Train display inspires wonder, year after year

Kate Ramsayer / The Bulletin /


Published Dec 22, 2008 at 04:00AM / Updated Nov 19, 2013 at 12:31AM

Taryn Hanson, 5, kept her eyes on a sleek passenger train as it turned the corner. She was searching for a particular passenger.

“Watch, watch,” she said as the model train rounded the bend of the track, set up on tables in the Bend Public Library. “It’s Mickey!”

A little Mickey Mouse doll was perched in the train’s caboose and had been captivating many of the dozens of kids sitting around the model train display, said Brian Hanson, Taryn’s father.

Sunday capped off a weekend of trains at the library, where Michael Lavrich, 62, had set up more than 400 feet of track for seven model trains, some with cars more than 100 years old.

There were shiny dark green passenger trains, locomotives and cargo trains with cars set up to carry lumber and livestock.

The tradition of displaying the trains at the library started in 1999, he said, when he set up one train on one table.

Since then, it’s grown to fill a room.

Lavrich said it’s a chance for kids to get a glimpse of the trains that inspired him when he was their age.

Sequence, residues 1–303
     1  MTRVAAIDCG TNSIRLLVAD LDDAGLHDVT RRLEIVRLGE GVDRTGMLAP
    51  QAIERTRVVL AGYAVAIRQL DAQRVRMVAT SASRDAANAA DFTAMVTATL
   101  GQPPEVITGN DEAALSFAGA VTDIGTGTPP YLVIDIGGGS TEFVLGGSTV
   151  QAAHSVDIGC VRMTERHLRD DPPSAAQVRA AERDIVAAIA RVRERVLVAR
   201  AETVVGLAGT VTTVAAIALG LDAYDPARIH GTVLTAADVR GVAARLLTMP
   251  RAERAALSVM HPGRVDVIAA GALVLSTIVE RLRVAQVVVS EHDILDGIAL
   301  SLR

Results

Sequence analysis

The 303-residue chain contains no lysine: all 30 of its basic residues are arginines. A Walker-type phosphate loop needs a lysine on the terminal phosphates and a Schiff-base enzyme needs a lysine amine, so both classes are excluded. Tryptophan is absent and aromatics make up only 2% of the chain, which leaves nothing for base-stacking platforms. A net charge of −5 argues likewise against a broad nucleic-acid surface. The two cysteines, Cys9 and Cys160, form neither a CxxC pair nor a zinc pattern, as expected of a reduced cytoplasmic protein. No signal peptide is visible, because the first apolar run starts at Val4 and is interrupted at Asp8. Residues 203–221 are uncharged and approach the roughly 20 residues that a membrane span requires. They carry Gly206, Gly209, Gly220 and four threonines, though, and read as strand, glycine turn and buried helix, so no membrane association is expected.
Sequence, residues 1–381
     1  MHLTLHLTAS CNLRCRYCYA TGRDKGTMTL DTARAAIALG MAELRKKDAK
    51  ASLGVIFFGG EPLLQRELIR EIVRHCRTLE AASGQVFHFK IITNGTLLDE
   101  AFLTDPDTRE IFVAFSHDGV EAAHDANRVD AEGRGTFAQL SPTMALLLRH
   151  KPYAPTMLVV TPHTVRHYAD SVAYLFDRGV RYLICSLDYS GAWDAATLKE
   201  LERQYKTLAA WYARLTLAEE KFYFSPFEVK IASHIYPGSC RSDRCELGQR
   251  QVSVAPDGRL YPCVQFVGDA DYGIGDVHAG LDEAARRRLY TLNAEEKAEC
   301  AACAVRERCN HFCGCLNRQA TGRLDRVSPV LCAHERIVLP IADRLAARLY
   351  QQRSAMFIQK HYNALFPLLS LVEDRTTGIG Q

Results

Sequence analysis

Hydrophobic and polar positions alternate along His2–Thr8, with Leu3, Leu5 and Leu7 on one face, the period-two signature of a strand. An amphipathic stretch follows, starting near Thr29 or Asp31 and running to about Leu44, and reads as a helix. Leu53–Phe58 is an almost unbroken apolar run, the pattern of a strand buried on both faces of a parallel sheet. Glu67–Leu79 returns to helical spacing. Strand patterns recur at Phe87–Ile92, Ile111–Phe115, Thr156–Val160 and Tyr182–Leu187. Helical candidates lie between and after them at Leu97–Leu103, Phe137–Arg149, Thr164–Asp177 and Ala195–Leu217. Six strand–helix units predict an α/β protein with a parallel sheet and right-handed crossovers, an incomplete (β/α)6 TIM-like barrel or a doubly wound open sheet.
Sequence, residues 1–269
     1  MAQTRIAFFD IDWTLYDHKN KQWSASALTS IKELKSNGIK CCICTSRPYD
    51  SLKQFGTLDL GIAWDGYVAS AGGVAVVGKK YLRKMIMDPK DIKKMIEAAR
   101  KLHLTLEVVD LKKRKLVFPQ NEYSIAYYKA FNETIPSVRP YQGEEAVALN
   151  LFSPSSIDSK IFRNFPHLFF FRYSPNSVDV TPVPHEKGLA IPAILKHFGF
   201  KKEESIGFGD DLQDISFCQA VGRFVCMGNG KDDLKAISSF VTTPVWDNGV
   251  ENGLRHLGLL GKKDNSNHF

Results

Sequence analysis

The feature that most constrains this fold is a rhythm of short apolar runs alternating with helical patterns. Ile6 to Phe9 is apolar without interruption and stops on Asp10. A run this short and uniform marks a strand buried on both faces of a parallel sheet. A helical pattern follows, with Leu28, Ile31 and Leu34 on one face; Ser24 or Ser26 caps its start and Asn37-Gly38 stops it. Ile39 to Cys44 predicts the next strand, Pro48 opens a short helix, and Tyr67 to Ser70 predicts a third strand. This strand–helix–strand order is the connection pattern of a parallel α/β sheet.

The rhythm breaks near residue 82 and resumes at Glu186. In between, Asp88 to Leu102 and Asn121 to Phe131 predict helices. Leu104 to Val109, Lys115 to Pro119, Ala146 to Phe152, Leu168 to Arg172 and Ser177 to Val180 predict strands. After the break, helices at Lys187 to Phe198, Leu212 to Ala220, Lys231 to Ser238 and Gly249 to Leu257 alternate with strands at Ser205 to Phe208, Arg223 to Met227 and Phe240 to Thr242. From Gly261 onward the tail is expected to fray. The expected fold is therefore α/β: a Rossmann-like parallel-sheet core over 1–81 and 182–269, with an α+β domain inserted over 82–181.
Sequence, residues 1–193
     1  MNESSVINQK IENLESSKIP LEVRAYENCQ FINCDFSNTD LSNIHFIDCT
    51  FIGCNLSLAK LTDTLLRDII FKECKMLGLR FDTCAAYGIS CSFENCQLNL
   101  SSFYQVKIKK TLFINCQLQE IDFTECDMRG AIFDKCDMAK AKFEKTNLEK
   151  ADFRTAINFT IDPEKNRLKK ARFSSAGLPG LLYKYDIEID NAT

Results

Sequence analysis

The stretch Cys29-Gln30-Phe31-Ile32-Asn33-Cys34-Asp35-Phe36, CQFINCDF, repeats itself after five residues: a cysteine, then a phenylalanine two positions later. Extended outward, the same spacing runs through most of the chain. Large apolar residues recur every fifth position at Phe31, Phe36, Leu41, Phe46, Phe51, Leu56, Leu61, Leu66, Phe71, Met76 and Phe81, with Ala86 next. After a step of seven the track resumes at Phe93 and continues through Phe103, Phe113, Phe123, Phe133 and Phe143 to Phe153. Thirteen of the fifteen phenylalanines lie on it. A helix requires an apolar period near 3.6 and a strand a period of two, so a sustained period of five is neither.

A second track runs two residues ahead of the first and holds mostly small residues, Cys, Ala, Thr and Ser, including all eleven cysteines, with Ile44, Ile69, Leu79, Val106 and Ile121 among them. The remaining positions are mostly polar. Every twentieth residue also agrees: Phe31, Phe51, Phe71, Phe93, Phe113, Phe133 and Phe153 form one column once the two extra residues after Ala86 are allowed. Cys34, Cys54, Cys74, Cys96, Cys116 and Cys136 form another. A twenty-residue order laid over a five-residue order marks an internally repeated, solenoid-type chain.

“It’s all about the expressions,” he said, looking at the young children watching the trains circle. “Since it meant so much to me when I was young, I want to give other kids that chance.”

Part of the attraction, he thinks, is all the action going on at once — whistles, bells, chugging, steam and the occasional spark or two.

It was the steam coming out of one engine that caught the eye of Shane Arnold, 5, who had come with his grandfather. The two sat counting the number of cars on the trains as they passed — five on one, 19 on another.

Library patrons start asking when the “train man” is coming in December, said Paige Bentley, one of the children’s librarians at the Bend Public Library.

“It’s just been a wonderful tradition; it’s one of our favorite things to do in the holidays.”

Greg Wilson brought his three sons and one of their friends to the library, where they immediately found seats and started watching the trains go by.

“My boys and I came here last year,” Wilson said. “It was a Christmas thing to do. Kids all love trains.”

Corey Wilson, 8, agreed that he liked watching the engines chug around.

“I like seeing trains,” he said, “I like seeing them run over the track.”